The most obvious beneficiaries of a move into positive equity are those who want to sell their property, but have until recently been unable to do so because of the sale price. Many who bought starter homes and apartments just before the property bubble collapsed are desperate to trade up because of growing families and new job opportunities.
"Negative equity is an impediment to mobility," says Power. "The existence of negative equity makes it very difficult if not impossible for a home owner to sell and trade up or down in the market, or just move to a similar house elsewhere.
"As property prices rise and as negative equity is eradicated, movement becomes possible again. This facilitates greater mobility, which is good for the labour market and the economy."
Recent efforts by lenders to address this problem, by introducing special mortgages which allow borrowers to carry negative equity on to new properties, have admittedly helped to boost mobility among this group. Those deals carry strict conditions, however, and are limited to borrowers with good earning capacity who are not in arrears.
But an escape en masse from negative equity also has darker ramifications. For distressed mortgages, a return to positive equity makes it more likely that lenders will repossess, FLAC director general Noeline Blackwell warns.
"We are hearing anecdotally that the clients in mortgage arrears who are under the most pressure from lenders are the ones in positive equity," she told the Sunday Independent. "The value added to properties by rising prices is definitely affecting repossessions ... the distressed borrowers who are most at risk of losing their homes are always the ones where the lender can get the most value from the property."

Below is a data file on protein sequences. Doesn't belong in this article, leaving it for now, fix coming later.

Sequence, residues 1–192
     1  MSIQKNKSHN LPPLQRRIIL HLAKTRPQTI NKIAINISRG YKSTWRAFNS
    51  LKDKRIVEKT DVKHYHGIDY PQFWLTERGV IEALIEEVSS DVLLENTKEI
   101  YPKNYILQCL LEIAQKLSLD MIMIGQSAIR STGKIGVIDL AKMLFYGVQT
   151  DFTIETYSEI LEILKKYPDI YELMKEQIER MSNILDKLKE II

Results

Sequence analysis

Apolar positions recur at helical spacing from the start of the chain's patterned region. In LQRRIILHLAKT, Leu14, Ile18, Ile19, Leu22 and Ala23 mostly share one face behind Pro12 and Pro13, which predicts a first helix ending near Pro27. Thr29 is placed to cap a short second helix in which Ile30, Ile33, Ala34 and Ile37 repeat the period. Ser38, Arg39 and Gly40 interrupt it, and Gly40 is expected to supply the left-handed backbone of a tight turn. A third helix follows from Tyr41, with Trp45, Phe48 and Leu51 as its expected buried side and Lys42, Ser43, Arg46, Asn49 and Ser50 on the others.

This is particularly true given the rake of legal changes recently introduced that make repossession easier, she said, including changes to the Code of Conduct on Mortgage Arrears and the Land and Conveyancing Reform Act as well as a rule which allows repossessions to be pursued through the low-cost Circuit Court.
Consumer champion and founder of personal finance forum Askaboutmoney.com Brendan Burgess, meanwhile, describes the trend as "a mixed bag". It could mean banks are less likely to do deals with distressed borrowers, he says.
"If you are having difficulty paying your mortgage, and walk into your bank with €100,000 in negative equity, there's a good chance your bank will do a deal – it might warehouse that €100,000 portion and let it sit there interest-free for several years, for example.
"But if you have a house in positive equity, there's an obvious solution from the bank's perspective – sell it, and pay off all your debt. This is particularly true for people who have tracker mortgages, which are really costly for the banks."
It's only natural for lenders to consider whether a house is in negative or positive equity when deciding to push for repossession, Mr Burgess adds.
"The banks have gone before the Oireachtas Finance Committee and publicly denied that they look at anything other than whether a borrower can afford their mortgage – but of course they look at equity, it just makes sense."
"The Central Bank has for the last 18 months been putting pressure on the banks to repossess, particularly buy-to-lets," Lorcan Sirr points out. "But they're much less inclined to get involved in properties that are in negative equity."
The overall mortgages arrears picture, however, may improve.
Several economists who spoke to the Sunday Independent said arrears should decline as mortgages move out of negative equity, since borrowers see more value in holding on to their property and fight to hold on to it. But this has yet to materialise, Burgess points out. "You'd think that would be the case. But the latest figures on mortgages arrears figures just don't indicate that trend."